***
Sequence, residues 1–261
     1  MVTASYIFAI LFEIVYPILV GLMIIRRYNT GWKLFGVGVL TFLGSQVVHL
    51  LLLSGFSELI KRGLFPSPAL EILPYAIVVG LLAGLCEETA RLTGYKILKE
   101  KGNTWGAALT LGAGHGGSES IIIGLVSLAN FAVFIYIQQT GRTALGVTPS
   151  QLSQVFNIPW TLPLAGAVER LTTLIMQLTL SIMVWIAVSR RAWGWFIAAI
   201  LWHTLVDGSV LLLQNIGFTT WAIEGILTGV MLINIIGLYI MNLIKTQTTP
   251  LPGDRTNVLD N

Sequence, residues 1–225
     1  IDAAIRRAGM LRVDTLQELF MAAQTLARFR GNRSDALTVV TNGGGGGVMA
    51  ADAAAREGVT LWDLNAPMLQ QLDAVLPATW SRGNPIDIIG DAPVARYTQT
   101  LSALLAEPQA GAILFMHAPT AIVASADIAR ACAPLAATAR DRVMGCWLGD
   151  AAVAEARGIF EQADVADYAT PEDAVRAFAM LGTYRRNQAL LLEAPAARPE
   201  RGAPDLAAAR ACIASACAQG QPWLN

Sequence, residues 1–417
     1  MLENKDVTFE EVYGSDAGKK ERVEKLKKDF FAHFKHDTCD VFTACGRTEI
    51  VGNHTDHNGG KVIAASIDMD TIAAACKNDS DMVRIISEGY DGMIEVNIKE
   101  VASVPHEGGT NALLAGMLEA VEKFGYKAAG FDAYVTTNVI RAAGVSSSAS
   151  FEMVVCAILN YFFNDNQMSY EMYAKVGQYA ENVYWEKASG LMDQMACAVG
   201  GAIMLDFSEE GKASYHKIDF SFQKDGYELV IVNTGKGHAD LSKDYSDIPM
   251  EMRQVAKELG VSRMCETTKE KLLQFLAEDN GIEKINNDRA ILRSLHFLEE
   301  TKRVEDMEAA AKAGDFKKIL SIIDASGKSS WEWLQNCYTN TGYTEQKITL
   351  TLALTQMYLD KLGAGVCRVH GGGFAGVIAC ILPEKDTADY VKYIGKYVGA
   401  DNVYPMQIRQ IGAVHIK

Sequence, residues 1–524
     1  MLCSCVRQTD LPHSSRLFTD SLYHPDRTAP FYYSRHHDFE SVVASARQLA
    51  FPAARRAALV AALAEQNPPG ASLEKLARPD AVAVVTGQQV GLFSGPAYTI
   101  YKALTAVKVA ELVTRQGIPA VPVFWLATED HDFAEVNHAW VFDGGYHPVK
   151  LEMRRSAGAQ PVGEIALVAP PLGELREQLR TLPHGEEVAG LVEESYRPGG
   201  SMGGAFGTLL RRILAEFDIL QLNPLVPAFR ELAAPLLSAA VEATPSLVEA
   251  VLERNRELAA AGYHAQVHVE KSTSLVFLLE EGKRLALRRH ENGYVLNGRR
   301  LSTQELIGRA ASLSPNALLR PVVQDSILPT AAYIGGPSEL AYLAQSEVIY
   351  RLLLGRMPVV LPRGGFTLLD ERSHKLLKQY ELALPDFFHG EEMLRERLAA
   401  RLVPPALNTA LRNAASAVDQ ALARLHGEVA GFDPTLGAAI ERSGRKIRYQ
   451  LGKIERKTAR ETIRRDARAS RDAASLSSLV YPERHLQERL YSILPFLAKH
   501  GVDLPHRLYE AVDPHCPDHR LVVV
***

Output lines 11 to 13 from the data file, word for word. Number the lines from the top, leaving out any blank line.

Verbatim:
   101  LSALLAEPQA GAILFMHAPT AIVASADIAR ACAPLAATAR DRVMGCWLGD
   151  AAVAEARGIF EQADVADYAT PEDAVRAFAM LGTYRRNQAL LLEAPAARPE
   201  RGAPDLAAAR ACIASACAQG QPWLN